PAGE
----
Rapid Prototyping

Rapid Prototyping

We use a wide variety of rapid prototyping methods to produce mechanical components which are suitable for the job in hand. Some of these we can do in-house and some we contract out to suppliers we know to be quick and reliable.

Fused Deposition Modelling (FDM)

This process uses a heated nozzle to produce a continuous fine plastic filament. The nozzle can be moved horizontally and vertically and is used to build up the model one layer at a time. Our in house Dimension Elite 3D printer produces models in ABS of almost any colour (not clear) directly from the CAD model. It is ideal for producing initial prototypes and space models, and can also be used for low volume production.

Stereolithography (SLA)

The SLA process uses a vat of liquid UV-curable photopolymer resin with a build platform that starts at the surface of the vat. A UV laser directed at the liquid surface is used to solidify the resin where required on the platform surface. The platform moves down and the laser is used to build up the next layer on top of the first.

Selective Laser Sintering (SLS)

SLS uses a powdered material in a similar way to SLA. Here a high power laser is used to melt the material, fusing the fine particles together. The build platform moves down, another thin layer of powder is added and the next layer is built on top of the first. SLS can work with a wider variety of materials than SLA, since it only requires a fine powder as the raw material, and a laser of sufficient power to fuse the particles together.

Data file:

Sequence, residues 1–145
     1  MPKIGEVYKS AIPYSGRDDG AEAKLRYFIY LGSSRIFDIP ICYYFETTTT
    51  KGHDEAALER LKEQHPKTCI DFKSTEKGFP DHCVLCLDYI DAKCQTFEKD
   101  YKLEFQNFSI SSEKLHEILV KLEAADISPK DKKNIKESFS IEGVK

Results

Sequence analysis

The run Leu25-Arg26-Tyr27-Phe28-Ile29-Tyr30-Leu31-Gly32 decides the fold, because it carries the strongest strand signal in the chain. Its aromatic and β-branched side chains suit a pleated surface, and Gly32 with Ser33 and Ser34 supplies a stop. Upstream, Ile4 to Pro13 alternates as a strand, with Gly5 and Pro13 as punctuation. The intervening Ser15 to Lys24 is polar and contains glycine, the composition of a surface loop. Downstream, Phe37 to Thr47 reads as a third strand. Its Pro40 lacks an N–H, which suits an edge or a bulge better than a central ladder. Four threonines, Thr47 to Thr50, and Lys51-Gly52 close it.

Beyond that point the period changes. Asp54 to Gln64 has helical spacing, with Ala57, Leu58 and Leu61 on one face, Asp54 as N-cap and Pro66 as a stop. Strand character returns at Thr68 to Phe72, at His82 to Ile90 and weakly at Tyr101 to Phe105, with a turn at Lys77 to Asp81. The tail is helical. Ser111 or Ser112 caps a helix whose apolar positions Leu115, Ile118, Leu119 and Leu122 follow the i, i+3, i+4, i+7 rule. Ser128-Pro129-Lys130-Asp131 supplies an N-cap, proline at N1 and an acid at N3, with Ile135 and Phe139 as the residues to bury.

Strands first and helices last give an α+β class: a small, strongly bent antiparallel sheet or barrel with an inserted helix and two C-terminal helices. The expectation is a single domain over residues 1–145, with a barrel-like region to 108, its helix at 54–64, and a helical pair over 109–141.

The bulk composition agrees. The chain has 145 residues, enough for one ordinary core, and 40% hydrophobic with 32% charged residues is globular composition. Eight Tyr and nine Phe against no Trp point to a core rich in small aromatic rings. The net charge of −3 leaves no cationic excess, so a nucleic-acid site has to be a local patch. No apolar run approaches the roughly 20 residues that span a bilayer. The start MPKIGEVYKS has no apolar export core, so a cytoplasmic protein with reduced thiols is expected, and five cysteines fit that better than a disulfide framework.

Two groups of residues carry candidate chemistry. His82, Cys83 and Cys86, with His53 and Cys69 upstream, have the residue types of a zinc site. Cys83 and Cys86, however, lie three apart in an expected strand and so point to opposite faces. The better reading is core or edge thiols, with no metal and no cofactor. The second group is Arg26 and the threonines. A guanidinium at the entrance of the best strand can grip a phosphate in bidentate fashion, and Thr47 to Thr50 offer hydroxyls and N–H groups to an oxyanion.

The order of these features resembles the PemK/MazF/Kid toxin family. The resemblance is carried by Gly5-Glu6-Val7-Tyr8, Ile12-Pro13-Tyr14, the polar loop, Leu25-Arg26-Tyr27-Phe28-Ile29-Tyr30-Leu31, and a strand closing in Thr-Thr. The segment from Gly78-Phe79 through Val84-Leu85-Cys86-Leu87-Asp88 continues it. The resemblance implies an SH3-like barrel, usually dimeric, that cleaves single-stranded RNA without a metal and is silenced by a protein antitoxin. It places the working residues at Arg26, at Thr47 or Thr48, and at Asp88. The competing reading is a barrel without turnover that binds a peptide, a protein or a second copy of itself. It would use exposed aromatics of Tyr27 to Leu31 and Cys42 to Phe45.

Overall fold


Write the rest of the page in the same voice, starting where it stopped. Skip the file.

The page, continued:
Cast Urethane Moulding

A silicone mould is used to create urethane moulded parts. The mould is created by casting silicone around a master part, typically made as an SLA. Two-part urethane resin is poured into the silicone mould and allowed to set. This process is useful for low volume manufacturing and produces parts which are more robust than similar FDM/SLA/SLS parts made by layering, and has good surface finish.

Machining from solid

Our in-house CNC machining centre is ideally suited to making rugged aluminium components. Starting from a solid billet, material is machined away to leave the exact shape required. Although this process can be expensive, it may work out to be cheaper than alternatives such as precision casting, particularly for small quantities.

Injection Moulding

Although not a rapid prototyping method, injection moulding is often the target manufacturing process. Molten plastic is injected under high pressure into an aluminium or steel mould to form the required part. Setup costs can be high due to the need to produce the moulding tool, and lead time is normally many weeks. But the unit cost is very low, the parts can be made using many different types of plastic, and the process is fast and repeatable.


The surface finish for many rapid prototyping processes is not representative of normal manufacturing methods such as injection moulding due to the layering process. Where appearance is important, for example in a customer demonstration or trade show, or where a silicone mould is being made from a master part, a model shop is used to smooth the surface to achieve a fine finish. Often this can be painted as well to look like the final product.